According to the report from Japan’s Cabinet Office, core machinery orders (an indicator of capital spending by companies in the next six to nine months)increased 4.7% in third-quarter 2017. However, the same is predicted to be quite different in the fourth quarter, with total machinery orders likely to decline 1.9%. Core orders are expected to fall 3.5%, orders from manufacturing clients will likely drop 9.4% and that from government clients might decline 3.3%.
The IMF increased its growth projection for the country by 20 bps to 1.5% for 2017 and by 10 bps to 0.7% for 2018.
China: China’s GDP grew 6.8% from the year-earlier period in the third quarter. However, this improvement was slightly below 6.9% registered in the previous quarter as a rise in retail sales and higher exports were partially offset by weak expansion in infrastructure investments.
The country’s industrial production improved 6.6% year over year in September on the back of improvement in manufacturing and utilities sectors, offset by weakness in the mining sector. Industrial production in October grew 6.2%.
For 2017, the Chinese government anticipates economy to grow roughly 6.5%. We believe that implementation of the government’s plan to spend more than $2 trillion for the development of infrastructure and transportation by 2020 will boost the economy and spur demand for industrial machinery.
The IMF projects the Chinese economy to grow 6.8% in 2017 and 6.5% in 2018, up roughly 10 bps from the respective previous estimates.
India: The country is currently witnessing the after-effects of some major reforms —demonetization and goods and services tax — implemented in the trailing 12 months. These economic decisions along with other strategies to make the country a prime manufacturing hub for all nations across the world are expected to drive its economic growth going forward.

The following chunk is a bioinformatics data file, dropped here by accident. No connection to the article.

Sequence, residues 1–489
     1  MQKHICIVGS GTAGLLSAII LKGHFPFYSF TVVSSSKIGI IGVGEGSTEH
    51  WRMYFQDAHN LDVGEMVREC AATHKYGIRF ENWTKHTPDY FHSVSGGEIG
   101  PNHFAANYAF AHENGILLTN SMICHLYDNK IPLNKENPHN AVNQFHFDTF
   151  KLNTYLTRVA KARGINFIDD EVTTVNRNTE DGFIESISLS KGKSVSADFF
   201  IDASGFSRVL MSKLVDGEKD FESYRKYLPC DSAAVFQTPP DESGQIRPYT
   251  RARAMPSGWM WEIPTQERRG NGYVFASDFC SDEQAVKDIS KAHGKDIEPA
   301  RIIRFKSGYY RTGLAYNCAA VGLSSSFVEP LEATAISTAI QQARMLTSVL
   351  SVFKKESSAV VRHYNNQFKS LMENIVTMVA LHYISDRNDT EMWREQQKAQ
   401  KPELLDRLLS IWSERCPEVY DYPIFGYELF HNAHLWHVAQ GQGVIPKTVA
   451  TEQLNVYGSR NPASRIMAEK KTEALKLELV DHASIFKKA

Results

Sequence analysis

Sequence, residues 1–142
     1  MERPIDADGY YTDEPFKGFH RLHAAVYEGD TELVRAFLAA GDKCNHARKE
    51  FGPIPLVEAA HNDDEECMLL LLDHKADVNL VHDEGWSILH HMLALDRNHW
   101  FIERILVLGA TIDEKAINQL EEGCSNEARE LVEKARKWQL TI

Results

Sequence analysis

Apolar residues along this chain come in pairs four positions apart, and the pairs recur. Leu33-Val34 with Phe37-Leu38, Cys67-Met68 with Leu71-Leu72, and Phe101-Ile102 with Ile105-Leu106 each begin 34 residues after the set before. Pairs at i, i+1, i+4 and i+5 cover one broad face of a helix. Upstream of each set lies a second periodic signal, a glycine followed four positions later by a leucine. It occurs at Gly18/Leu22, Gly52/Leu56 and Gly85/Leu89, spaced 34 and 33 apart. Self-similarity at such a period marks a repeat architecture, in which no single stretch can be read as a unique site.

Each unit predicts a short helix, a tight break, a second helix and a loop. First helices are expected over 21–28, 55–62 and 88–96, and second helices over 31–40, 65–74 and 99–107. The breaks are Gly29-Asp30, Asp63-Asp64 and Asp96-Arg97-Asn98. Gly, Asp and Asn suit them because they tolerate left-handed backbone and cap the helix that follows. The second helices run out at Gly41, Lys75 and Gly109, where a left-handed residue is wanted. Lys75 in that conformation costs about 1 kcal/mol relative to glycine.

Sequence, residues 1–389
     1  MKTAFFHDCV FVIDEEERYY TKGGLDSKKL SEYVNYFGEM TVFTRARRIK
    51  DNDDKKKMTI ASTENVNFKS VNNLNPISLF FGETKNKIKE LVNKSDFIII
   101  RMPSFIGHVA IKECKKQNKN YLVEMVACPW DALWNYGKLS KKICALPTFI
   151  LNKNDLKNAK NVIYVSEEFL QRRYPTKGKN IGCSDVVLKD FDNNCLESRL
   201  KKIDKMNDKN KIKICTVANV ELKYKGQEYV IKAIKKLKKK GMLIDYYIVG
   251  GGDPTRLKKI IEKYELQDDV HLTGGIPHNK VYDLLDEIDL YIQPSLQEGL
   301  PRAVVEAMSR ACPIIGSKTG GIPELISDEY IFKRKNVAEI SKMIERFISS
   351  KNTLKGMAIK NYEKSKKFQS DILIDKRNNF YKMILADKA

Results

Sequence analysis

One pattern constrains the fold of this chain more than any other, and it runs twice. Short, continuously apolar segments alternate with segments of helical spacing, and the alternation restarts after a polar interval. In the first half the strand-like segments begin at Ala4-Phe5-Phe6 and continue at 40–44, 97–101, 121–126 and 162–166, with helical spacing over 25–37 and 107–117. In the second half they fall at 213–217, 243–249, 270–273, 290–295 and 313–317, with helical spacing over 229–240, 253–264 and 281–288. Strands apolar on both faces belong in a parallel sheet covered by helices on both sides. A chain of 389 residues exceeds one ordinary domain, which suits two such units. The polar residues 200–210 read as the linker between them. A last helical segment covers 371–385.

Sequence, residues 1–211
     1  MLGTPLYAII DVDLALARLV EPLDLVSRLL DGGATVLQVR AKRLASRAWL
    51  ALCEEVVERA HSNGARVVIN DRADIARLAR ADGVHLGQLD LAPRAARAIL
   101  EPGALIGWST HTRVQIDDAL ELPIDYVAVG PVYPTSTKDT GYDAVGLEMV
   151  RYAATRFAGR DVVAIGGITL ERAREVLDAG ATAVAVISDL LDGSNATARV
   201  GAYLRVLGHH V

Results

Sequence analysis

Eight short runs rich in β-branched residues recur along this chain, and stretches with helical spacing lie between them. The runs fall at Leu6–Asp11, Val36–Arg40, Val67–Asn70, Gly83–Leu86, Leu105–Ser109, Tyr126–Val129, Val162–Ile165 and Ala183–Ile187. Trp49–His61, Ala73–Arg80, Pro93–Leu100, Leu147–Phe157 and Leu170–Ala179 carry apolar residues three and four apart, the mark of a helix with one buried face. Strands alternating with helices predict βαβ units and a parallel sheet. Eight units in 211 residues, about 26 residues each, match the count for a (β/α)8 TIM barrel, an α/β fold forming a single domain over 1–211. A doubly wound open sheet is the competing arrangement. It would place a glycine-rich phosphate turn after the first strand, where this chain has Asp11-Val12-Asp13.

A favorable domestic job market, low interest rates allowing easy accessibility to cheap loans, infrastructure investments, healthy export demand and better monsoon conditions are additional factors that can make the country a favorable investment destination.
The country’s industrial production decelerated to 3.8% in September 2017, having expanded 4.5% in the previous month. Production suffered from weakness in mining and electricity outputs. In the first half of fiscal 2017 (ended September), industrial production expanded 2.5% year over year.
According to the IMF, the country is projected to grow 6.7% in 2017 and 7.4% in 2018, down roughly 50 bps and 30 bps from the respective previous estimates.
Brazil: One of the major road blocks for the Brazilian economy are the political uncertainties which have gripped the nation, somewhat jeopardizing its growth opportunities. Corruption charges against its president are believed to be one of the reasons behind the country’s poor investment grade ratings. Moreover, low private investments, inadequate infrastructure and still a high unemployment rate of 12.4% are other major hurdles.
Partially negating the impact of these aspects, growth in export demand and efforts to implement a new pension reform targeting the curbing of public debt are currently strengthening hopes of a turnaround in the Brazilian economy. Also, falling inflation have prompted the countries’ Central Bank to ease interest rates. Notably, the interest rate has been lowered by 75 bps in October, this being its ninth consecutive rate cut since October 2016.
In addition, the country’s industrial production has been encouraging since the beginning of the year. Per the latest data, industrial production in September grew 2.6% from the year-ago comparable month.
The IMF expects the country’s output to grow 0.7% in 2017, reflecting a 40 bps increase from the previous forecast. Also, growth projection for 2018 has been increased by 20 bps to 1.5%.
Eurozone: The region, amidst all the political uncertainties, is showing slight improvement in export demand and labor markets. The region’s GDP has improved 2.5% year over year in third-quarter 2017 while industrial production has improved 3.3% year over year in September. The unemployment rate at September end was 8.9% versus 9% at the end of the previous month.